the coffee market in China

Has China’s coffee market already reached its full potential?

In a country culturally and historically attached to tea, the consumption of coffee in China is a relatively recent phenomenon. Developing similarly to the Japanese coffee market, the Chinese coffee market only started to develop in the late 80’s and early 90’s with foreign imports. Notably, Nestlé entered the Chinese coffee market in 1989 and Starbucks opened their first store in China ten years later. Since then, Chinese coffee consumption has risen spectacularly with a 500% increase between 2006 and 2018. However, since 2015 coffee consumption growth has slowed down to a 3% CAGR from 2015 to 2018, down from a 24% CAGR from 2007 to 2014.

Furthermore, China’s consumption of coffee per capita remains relatively low at around 7 cups a year. Indeed, studies show that Chinese prefer to drink tea, despite Chinese urbanites growing appetite for freshly brewed coffee. The tendency of Chinese consumers to prefer tea over coffee ranks the Chinese coffee market only at the 6th largest coffee market in the world despite an ever-growing middle class. This however does not mean that the Coffee market in China does not have potential: with slow but steady growth and new tastes forming in a maturing industry, what are the trends developing in the China’s coffee market?  

Although it has a large potential market size, China coffee market is only the 6th largest in the world.

Source: Statista. Although it has a large potential market size, China’s coffee market is only the 6th largest in the world.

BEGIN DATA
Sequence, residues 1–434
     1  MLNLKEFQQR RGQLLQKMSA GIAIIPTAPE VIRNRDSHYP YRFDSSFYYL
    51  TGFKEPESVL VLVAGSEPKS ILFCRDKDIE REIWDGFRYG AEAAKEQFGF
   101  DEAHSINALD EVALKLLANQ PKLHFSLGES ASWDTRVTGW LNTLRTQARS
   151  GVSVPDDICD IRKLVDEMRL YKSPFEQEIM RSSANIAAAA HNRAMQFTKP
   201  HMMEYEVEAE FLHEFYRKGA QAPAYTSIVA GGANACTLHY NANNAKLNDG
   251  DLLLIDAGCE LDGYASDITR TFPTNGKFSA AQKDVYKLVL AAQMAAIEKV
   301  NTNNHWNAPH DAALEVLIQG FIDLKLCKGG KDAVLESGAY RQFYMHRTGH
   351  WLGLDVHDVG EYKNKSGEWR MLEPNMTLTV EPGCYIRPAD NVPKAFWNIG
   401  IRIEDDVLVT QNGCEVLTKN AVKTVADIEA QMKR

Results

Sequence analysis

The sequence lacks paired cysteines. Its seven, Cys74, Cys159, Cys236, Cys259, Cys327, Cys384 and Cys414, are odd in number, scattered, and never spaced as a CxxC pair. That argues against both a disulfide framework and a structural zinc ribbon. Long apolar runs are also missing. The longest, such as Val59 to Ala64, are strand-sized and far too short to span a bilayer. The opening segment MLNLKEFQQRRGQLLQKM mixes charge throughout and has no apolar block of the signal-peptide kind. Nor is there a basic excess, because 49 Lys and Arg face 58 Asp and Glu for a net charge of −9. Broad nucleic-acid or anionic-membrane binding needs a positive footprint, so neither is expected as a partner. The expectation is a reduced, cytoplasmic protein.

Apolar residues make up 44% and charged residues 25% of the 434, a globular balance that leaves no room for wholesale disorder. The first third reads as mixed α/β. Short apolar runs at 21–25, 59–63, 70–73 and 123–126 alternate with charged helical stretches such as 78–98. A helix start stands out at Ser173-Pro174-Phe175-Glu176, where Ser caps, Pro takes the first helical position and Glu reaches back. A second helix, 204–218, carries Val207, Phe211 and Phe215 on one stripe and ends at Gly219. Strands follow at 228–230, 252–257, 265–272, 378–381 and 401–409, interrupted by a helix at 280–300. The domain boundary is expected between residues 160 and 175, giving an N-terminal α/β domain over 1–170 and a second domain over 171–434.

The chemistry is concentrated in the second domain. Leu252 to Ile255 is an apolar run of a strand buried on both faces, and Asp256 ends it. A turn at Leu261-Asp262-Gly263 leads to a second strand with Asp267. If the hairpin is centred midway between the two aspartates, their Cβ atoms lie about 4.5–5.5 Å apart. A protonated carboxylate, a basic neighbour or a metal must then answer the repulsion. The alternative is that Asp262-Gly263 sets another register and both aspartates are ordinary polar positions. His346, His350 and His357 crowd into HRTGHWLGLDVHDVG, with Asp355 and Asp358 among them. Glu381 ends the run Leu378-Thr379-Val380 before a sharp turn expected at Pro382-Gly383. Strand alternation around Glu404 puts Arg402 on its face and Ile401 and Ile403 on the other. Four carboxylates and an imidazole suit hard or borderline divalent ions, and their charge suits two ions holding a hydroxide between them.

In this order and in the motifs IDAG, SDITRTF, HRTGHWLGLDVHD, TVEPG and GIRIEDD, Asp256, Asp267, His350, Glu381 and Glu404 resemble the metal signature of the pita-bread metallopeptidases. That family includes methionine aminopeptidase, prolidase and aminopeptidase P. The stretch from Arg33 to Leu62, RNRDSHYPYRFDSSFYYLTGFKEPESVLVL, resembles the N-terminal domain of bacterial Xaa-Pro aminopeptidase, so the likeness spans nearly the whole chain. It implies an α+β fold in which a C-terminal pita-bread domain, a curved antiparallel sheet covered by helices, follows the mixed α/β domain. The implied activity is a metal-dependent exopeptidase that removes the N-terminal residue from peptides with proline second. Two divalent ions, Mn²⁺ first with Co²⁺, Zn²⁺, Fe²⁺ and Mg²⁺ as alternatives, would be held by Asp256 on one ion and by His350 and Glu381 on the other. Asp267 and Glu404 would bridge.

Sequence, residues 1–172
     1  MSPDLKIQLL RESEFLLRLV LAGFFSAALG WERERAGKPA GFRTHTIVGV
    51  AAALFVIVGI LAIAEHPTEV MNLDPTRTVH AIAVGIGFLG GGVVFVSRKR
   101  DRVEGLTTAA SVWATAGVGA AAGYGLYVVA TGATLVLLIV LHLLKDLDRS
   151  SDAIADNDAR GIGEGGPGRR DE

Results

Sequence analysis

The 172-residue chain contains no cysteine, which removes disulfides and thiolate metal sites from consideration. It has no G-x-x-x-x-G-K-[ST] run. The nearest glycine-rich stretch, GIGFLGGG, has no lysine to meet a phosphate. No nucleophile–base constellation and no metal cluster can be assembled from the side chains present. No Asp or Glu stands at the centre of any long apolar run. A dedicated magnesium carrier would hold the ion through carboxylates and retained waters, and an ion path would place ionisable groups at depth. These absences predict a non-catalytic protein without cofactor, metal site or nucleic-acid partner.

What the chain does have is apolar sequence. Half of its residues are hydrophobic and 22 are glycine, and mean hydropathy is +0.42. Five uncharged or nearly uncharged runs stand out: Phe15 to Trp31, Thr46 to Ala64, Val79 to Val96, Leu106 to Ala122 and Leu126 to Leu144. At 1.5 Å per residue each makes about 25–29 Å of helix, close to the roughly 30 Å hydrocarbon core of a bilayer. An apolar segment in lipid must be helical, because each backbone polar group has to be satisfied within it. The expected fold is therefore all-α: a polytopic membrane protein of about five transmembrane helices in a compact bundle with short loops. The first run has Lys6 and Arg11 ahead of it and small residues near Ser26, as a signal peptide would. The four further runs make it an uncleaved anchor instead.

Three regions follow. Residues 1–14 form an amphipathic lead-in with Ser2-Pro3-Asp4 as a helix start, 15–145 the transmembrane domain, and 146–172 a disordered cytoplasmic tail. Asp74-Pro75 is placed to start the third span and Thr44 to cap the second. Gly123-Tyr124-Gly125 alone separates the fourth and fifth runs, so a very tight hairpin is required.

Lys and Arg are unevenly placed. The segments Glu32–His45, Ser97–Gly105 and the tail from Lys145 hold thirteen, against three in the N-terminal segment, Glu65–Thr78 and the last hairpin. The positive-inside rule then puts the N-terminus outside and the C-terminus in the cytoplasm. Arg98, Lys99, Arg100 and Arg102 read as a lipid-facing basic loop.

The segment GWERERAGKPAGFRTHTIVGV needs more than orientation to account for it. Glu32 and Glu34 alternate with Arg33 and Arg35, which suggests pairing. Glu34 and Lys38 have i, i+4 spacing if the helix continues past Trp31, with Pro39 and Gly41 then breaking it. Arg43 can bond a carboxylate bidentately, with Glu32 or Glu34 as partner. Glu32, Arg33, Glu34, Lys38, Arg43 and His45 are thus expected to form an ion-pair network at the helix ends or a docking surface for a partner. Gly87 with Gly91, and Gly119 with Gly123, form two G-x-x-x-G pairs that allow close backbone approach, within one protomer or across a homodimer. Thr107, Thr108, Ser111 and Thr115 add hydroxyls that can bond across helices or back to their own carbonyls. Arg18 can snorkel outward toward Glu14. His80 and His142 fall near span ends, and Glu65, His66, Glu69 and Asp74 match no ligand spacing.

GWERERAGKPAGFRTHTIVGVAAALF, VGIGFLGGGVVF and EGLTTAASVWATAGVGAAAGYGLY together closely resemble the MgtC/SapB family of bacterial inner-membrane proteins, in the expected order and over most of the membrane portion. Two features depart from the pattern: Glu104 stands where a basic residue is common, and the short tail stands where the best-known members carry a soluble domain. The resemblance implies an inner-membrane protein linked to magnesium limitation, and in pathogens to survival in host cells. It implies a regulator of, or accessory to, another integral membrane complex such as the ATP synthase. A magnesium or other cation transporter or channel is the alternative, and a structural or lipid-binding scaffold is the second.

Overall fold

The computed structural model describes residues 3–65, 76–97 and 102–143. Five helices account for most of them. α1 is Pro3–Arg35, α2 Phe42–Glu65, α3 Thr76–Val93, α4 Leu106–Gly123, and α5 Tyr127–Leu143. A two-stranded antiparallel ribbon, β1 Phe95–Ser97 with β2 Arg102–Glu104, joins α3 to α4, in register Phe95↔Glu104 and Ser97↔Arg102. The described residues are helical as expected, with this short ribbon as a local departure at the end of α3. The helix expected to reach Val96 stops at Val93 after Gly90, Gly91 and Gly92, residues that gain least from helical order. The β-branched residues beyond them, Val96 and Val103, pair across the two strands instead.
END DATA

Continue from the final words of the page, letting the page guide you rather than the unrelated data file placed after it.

Despite high domestic production, China is importing most of its’ coffee from abroad

Since coffee has been introduced in Yunnan in the 19th century, the province has become the main producer of coffee in China, producing 99% of Chinese coffee. According to Index Mundi, Chinese production of green coffee beans have been on the rise until it plateaued in 2014 with an average of around two million 60kg bags produced yearly from then on. According to Yilianzhong Finance, most of the coffee produced in Yunnan is then exported to Germany, the US and neighboring Japan. Chinese coffee bean imports have significantly increased over the years, reaching a volume of 103.3 thousand tons in 2020 for a value of 3.1 billion RMB according to Alibaba. The principal exporters of Coffee in China are Vietnam, Indonesia and Malaysia. According to Qianzhan, higher-end instant coffee brands tend to import their products while cheaper brands produce domestically.

Chinese coffee imports mainly come from neighboring East-Asian countries and South America.

Source: ICO. Chinese coffee beans imports mainly come from neighboring East-Asian countries and South America.

As China coffee market grows, so are Chinese consumers’ expectations

Although the growth of the Chinese coffee market has considerably slowed down since 2015, new trends have developed. Coffee in China is mostly consumed by middle-to-high class urbanites aged 20-30. As Chinese urban centers and middle class are steadily expanding, so does the Chinese coffee consumer base, which explains the steady growth of the industry. As the coffee market in China matured, consumer expectations have gradually increased. According to Xianji China, quality is now the main buying determinant for Chinese consumers. Therefore, they are willing to pay on average 16 to 35 Yuan for a cup of quality coffee. High-end coffee brands already dominate the Chinese coffee market and are expected to continue to maintain their position as preferred products.

Instant coffee is the main type of coffee consumed in China, in 2018 it represented 72% of market share. Imported brands such as Nescafé, Lim’s and G7 dominate the market as Chinese coffee brands are less popular. As coffee in China becomes more popular and the consumer base elevates its’ standards, coffee machine sales are on the rise in households and coffee shops alike. For the same reason, franchised coffee shops are growing faster than cafés as Chinese coffee enthusiasts increasingly prefer to drink in specialized shops.